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What Are Index Funds In India?

By Aamirbasha
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An index fund is a kind of mutual fund with a portfolio developed to track the segments of a market index (a single number which represents a market and tracks its ups and downs). There are many index funds, though not all index funds work in the same way. Their costs and structure can vary.

 

What Are Index Funds In India?
Some examples of index mutual funds in India, include the UTI Nifty Index Fund, Reliance Index Fund, SBI Nifty Index Fund, etc. Typically, these funds would track indices like the S&P CNX Nifty or the BSE Sensex in India.

Advantages and dis-advantages of index fund?

Advantages:

  • Index funds are designed for steady, long-term growth.
  • They are tax efficient as their turnover is low.
  • Index funds are relatively low-risk options for investing in stocks and bonds.
    You can pay attention to the other things such as your job business than on the funds in your portfolios due to low risk factor
  • They are inherently diversified, representing many different sectors within an index, which protects against deep losses.
  • Index funds offer lower fees for investors than non-index funds. if a non-index fund outperforms index funds, it must perform better by a certain margin to generate returns that overcome the fees that it charges.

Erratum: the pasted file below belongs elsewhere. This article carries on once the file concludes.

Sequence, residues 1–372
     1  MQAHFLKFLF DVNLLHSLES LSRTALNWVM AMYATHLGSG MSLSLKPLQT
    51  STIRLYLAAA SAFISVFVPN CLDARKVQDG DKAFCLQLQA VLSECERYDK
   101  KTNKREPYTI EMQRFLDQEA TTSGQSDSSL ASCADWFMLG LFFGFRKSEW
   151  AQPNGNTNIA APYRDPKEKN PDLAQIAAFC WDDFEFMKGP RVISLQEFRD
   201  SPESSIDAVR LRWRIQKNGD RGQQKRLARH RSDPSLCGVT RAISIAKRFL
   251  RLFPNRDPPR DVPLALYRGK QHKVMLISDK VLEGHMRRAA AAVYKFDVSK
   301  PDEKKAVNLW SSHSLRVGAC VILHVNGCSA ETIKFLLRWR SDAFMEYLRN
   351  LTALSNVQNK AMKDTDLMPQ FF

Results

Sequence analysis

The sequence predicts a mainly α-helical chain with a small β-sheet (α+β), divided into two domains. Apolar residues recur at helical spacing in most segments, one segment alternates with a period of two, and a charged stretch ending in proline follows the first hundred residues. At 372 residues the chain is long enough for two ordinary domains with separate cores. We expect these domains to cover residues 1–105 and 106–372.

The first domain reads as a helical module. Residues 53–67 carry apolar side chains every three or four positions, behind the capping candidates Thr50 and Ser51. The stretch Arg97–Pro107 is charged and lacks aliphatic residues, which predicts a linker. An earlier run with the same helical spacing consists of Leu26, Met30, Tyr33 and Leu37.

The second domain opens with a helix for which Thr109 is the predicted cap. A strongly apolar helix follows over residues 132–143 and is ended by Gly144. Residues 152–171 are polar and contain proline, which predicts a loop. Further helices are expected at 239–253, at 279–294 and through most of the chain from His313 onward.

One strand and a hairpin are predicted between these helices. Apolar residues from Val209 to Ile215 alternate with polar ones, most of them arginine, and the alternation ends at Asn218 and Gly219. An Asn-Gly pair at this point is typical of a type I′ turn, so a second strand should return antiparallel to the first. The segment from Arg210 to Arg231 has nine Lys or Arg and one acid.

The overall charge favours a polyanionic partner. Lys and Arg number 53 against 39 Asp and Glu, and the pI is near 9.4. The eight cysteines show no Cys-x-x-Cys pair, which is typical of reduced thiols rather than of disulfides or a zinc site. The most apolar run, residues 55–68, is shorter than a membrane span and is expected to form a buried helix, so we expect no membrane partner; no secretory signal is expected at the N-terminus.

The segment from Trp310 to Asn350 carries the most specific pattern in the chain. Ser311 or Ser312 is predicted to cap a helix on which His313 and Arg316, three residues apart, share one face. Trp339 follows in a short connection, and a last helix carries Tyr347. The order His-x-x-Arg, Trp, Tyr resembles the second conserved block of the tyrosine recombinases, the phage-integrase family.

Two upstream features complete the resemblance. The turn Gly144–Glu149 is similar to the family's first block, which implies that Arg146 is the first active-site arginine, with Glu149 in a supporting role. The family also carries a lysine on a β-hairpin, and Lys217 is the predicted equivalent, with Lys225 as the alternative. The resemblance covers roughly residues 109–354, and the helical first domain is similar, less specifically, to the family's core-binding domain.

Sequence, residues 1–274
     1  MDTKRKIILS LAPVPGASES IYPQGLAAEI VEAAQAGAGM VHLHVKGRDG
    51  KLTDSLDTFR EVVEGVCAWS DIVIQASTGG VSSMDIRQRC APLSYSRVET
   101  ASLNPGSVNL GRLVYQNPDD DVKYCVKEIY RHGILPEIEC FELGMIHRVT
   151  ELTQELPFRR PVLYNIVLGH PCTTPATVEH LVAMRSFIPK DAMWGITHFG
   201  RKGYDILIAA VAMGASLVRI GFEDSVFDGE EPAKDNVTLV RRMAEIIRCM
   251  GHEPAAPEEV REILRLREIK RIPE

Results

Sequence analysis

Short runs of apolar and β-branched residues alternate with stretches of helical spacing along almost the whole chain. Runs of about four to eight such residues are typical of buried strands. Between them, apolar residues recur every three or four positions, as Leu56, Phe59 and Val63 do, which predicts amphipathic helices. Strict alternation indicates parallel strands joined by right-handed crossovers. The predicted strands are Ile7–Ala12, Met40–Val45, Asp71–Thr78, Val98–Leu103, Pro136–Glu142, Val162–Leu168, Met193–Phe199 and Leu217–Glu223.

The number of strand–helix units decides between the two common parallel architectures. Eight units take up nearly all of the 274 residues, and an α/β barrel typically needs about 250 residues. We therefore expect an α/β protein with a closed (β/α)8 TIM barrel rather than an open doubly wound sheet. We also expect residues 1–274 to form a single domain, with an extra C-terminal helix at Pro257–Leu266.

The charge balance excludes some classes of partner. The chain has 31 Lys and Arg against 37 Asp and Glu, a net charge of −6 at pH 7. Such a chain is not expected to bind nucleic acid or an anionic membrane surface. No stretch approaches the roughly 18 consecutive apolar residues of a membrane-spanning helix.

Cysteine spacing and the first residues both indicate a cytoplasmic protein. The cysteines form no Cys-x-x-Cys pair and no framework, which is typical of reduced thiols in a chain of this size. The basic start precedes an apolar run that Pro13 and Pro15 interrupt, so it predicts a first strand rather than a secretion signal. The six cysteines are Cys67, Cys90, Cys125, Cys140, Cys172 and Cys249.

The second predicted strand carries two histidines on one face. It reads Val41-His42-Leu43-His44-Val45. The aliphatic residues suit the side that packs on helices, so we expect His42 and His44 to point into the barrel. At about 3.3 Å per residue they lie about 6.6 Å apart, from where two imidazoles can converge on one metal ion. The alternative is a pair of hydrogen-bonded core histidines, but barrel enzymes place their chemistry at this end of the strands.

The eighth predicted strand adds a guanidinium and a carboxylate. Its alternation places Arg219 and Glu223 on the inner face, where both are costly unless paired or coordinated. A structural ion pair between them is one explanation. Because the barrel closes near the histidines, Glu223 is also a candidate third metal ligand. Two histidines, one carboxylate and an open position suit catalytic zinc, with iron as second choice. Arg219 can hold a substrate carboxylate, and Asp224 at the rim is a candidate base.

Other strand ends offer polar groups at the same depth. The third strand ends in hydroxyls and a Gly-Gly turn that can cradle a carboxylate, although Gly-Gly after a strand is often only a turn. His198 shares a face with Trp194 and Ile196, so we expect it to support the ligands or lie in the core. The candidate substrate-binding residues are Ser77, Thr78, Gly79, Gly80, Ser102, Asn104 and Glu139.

• By investing in index funds, you can achieve the market average returns.
  • Invest in an index fund and you know that there is a 4 out of 5 chance that you will do better than investing in non index or actively manged funds. If you have placed your money into an actively managed fund then there is an 80 per cent you would end up with less money.
  • Over the long-term you will be much better off and won't have to worry about beating the market every year. That's because you'll be earning the market return with your index funds.

Disadvantages:

  • The flexibility is less when compared to managed funds as index funds must follow policies and strategies that require them to attempt to perform in tune with an index, whereas actively managed fund have more flexibility to act to find better-performing options in good times or in bad.
  • There is an opportunity cost to using index funds.
  • There is limited possibility of massive gains, as compared to individual stocks. But still index funds' performance remains more steady compared to non-index funds.
  • Like many other mutual funds or investments, index funds are still vulnerable to market volatility, and systemic risk.
  • If the market itself is heavily involved with stocks that are unsafe or just inflated in value, then the inevitable crash destroys the value of your index fund. Whereas, a managed fund can avoid them or use "Buy low, sell high" mantra.
  • If you don't like a company for moral or personal reasons but that company is on your index, there is no way of removing your money from that company without exiting the index fund entirely.
 

Conclusion:

"A low-cost index fund is the most sensible equity investment for the great majority of investors, "Buffett told Bogle in "The Little Book of Common Sense Investing." By periodically investing in an index fund, the know-nothing investor can actually out-perform most investment professionals."

GoodReturns.in

Read more about: index funds mutual funds
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